As a residency trained, board certified emergency medicine physician who practiced for over 20 years, I was not surprised entirely by a recent stating that ED physicians order unnecessary imaging tests, based on a research article published in Academic Emergency Medicine in April of 2015.
There is no question that as a practicing physician in the emergency department, you try to make decisions based on sound evidence-based medicine. The reality is that other factors are constantly influencing decisions, such as patient demands, other physicians involved in a case, liability issues, and just not wanting to miss something that could harm the patient. On multiple occasions during my career as a medical director and practicing emergency department physician, I have seen patients with a history and physical exam that did not justify ordering an additional imaging test, however, medicine is an art and often instinct plays into decisions. If emergency department physicians ordered tests based exclusively on what evidence based medicine supports, many emergent diagnoses would be missed causing a poor outcome for the patient. The assumption is that not ordering a test because the evidence does not support it will protect you in a malpractice lawsuit. However, those who have practiced medicine for years know this is not always the case.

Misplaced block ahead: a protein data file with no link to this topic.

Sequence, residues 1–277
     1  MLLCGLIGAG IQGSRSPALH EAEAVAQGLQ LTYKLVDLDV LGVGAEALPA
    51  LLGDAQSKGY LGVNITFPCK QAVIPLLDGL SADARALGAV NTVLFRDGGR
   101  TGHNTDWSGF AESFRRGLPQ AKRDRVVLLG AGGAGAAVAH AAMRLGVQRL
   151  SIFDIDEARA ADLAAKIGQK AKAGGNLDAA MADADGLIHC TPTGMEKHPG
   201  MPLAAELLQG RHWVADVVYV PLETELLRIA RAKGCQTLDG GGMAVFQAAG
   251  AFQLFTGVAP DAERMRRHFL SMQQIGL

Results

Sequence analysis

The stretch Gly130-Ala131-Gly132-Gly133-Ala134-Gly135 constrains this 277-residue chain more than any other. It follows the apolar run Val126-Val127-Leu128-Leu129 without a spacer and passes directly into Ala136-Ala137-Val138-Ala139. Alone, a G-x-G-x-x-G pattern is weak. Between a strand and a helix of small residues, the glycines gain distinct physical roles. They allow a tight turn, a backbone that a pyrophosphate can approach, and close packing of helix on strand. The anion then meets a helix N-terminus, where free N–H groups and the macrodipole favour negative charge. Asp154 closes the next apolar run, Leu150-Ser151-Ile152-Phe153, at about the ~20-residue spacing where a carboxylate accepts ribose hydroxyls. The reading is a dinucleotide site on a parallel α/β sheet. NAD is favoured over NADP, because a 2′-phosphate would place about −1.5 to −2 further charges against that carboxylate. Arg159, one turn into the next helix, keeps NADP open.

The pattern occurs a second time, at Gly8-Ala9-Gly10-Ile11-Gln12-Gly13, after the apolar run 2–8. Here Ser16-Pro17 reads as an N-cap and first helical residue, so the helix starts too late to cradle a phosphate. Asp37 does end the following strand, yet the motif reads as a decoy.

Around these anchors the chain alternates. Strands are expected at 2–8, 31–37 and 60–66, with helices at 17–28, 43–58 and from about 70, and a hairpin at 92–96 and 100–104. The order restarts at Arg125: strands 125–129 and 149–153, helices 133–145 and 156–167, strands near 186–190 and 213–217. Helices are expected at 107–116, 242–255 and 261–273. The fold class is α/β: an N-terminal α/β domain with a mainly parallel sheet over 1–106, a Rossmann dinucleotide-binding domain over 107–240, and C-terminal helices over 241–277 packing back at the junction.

The best approach for now is to continue to look at innovative ways to engage patients and physicians. For physicians, this will include having real-time prompts and reminders tied into the electronic medical record ordering system, based on evidence based guidelines that are easy to use and access. Today, patient education and engagement tools are mostly used outside an acute emergency department, but perhaps these tools with their easy-to-use clinical information, statistics, and images could also provide real-time education for the patient to help explain why certain imaging tests are not required. Tort reform may be one way to influence excessive ordering of diagnostics test but I believe the clinical instinct and art of medicine, as well as evidence based guidelines and patient education, are important to achieving the best outcomes.
Byron C. Scott, MD, MBA, FACEP, FACPE
Medical Director, National Clinical Medical Leader